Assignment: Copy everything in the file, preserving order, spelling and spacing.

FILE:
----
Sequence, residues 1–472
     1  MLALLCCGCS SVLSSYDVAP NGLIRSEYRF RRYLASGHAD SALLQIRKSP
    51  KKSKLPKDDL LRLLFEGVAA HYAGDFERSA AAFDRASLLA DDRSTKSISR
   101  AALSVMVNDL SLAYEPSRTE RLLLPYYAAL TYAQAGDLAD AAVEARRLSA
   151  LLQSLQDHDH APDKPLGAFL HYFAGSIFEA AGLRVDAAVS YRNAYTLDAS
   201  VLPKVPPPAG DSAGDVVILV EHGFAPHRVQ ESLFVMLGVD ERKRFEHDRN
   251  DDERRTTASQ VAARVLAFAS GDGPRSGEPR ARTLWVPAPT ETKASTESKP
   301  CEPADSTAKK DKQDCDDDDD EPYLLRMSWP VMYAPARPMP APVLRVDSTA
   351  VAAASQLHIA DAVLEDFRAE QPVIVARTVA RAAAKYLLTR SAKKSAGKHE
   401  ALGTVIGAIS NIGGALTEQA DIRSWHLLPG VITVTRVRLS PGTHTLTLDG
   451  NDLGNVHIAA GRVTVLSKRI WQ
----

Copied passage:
Sequence, residues 1–472
     1  MLALLCCGCS SVLSSYDVAP NGLIRSEYRF RRYLASGHAD SALLQIRKSP
    51  KKSKLPKDDL LRLLFEGVAA HYAGDFERSA AAFDRASLLA DDRSTKSISR
   101  AALSVMVNDL SLAYEPSRTE RLLLPYYAAL TYAQAGDLAD AAVEARRLSA
   151  LLQSLQDHDH APDKPLGAFL HYFAGSIFEA AGLRVDAAVS YRNAYTLDAS
   201  VLPKVPPPAG DSAGDVVILV EHGFAPHRVQ ESLFVMLGVD ERKRFEHDRN
   251  DDERRTTASQ VAARVLAFAS GDGPRSGEPR ARTLWVPAPT ETKASTESKP
   301  CEPADSTAKK DKQDCDDDDD EPYLLRMSWP VMYAPARPMP APVLRVDSTA
   351  VAAASQLHIA DAVLEDFRAE QPVIVARTVA RAAAKYLLTR SAKKSAGKHE
   401  ALGTVIGAIS NIGGALTEQA DIRSWHLLPG VITVTRVRLS PGTHTLTLDG
   451  NDLGNVHIAA GRVTVLSKRI WQ